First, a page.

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Invited Commentary

Raj M. Nambiar, MD; Claude H. Organ Jr, MD
Arch Surg. 1996;131(5):488. doi:10.1001/archsurg.1996.01430170034004.
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In spite of its decreasing incidence in Western countries, cancer of the stomach continues to be a significant global problem and is characterized by advanced stage presentation and low cure rates. During the last two decades, there have been some major changes and much controversy regarding the type of surgical treatment for gastric cancer. While Japanese authors have consistently reported improved cure rates following their standardized radical resection of the stomach and regional lymph nodes, skepticism has continued in the Western world regarding the appropriateness of extended resections and radical lymphadenectomy.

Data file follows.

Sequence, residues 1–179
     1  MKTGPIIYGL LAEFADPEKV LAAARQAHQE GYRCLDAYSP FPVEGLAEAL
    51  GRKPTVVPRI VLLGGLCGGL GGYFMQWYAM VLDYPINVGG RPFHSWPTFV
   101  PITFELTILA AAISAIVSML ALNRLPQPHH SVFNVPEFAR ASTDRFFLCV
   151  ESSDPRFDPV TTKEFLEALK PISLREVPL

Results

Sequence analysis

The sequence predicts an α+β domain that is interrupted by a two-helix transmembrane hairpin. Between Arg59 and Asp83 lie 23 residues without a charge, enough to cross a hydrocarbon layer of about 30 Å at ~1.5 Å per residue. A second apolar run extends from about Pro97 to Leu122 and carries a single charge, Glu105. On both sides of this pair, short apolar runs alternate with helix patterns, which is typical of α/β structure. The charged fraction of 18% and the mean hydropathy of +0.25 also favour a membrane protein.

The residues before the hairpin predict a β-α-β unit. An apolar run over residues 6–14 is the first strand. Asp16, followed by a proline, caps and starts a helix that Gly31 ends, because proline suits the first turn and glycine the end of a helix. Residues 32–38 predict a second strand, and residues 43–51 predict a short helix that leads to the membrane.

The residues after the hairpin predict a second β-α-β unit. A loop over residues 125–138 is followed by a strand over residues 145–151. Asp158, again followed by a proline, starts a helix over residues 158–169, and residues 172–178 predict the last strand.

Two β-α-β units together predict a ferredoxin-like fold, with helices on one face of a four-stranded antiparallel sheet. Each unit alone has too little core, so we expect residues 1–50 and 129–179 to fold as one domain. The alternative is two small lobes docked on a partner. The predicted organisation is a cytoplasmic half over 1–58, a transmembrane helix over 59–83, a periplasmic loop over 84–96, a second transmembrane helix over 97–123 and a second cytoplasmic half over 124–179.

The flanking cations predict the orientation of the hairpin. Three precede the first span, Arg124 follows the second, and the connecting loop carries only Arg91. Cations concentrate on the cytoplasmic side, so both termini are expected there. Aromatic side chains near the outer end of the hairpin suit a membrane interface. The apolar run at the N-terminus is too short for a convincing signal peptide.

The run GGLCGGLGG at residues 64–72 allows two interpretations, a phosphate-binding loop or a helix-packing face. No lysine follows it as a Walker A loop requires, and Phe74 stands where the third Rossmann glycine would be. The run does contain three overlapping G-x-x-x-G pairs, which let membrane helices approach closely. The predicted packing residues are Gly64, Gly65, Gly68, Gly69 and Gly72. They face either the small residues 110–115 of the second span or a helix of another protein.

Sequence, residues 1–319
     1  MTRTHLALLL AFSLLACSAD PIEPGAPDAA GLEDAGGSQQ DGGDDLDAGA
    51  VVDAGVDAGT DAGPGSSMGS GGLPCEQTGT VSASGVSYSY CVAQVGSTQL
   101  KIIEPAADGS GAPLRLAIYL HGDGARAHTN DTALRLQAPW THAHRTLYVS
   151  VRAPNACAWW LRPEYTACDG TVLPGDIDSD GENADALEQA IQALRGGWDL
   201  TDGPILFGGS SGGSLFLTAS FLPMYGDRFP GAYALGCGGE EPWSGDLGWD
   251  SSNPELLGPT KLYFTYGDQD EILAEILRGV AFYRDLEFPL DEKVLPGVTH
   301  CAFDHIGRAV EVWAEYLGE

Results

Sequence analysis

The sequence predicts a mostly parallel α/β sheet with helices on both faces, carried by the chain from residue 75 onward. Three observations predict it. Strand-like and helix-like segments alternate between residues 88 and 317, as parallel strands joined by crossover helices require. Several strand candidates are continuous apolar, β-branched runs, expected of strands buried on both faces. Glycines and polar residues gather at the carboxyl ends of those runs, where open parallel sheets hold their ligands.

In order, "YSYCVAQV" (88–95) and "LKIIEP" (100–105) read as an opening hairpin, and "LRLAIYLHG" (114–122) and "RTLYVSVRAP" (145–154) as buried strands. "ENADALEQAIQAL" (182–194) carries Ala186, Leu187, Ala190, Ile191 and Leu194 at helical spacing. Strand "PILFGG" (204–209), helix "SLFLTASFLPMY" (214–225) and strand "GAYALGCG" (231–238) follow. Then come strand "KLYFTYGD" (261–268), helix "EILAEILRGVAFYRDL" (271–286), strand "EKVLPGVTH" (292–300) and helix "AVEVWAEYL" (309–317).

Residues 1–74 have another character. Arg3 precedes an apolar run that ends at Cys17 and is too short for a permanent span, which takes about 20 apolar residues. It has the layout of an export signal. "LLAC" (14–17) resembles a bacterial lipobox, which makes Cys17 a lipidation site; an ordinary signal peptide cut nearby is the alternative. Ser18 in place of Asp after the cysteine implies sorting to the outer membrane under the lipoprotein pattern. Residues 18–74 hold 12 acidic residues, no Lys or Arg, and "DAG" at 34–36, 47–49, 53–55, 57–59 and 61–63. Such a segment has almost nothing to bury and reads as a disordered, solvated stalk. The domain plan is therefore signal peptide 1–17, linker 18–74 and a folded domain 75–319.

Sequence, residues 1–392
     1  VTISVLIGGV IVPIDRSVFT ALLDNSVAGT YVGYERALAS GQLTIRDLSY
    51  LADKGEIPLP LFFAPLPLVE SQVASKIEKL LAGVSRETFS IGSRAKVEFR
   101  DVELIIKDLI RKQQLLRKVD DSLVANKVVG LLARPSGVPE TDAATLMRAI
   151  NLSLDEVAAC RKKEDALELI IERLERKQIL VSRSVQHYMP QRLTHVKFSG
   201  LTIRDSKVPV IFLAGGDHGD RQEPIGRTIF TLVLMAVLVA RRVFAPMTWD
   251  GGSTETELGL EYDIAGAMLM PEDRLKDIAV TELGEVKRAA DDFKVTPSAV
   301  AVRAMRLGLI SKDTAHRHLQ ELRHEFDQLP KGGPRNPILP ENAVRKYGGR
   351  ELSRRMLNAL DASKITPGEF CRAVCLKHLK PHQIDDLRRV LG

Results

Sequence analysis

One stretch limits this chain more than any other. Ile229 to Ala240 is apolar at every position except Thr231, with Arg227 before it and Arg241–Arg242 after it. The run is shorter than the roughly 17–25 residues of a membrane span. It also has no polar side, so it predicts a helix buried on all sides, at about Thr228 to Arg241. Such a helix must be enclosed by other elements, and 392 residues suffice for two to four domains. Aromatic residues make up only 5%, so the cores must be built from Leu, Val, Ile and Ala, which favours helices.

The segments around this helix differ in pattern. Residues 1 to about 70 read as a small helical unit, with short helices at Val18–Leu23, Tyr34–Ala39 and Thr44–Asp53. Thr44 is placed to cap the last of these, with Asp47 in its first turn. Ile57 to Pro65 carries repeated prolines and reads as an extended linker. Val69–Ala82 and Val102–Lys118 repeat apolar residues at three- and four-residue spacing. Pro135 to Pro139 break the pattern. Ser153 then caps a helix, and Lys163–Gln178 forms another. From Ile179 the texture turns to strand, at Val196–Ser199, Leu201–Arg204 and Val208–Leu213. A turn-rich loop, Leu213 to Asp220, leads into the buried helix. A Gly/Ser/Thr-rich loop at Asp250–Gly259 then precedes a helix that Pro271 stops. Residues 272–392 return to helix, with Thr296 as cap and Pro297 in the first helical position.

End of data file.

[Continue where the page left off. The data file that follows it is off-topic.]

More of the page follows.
This retrospective study from the Mayo Clinic is interesting because it evaluates the outcome of 187 standard curative resections for gastric cancer distal to the cardia in an elderly patient population. The authors have achieved an impressive overall 5-year survival rate of 48% of the patients, with acceptable mortality and morbidity rates of 4% and 27%, respectively. These results


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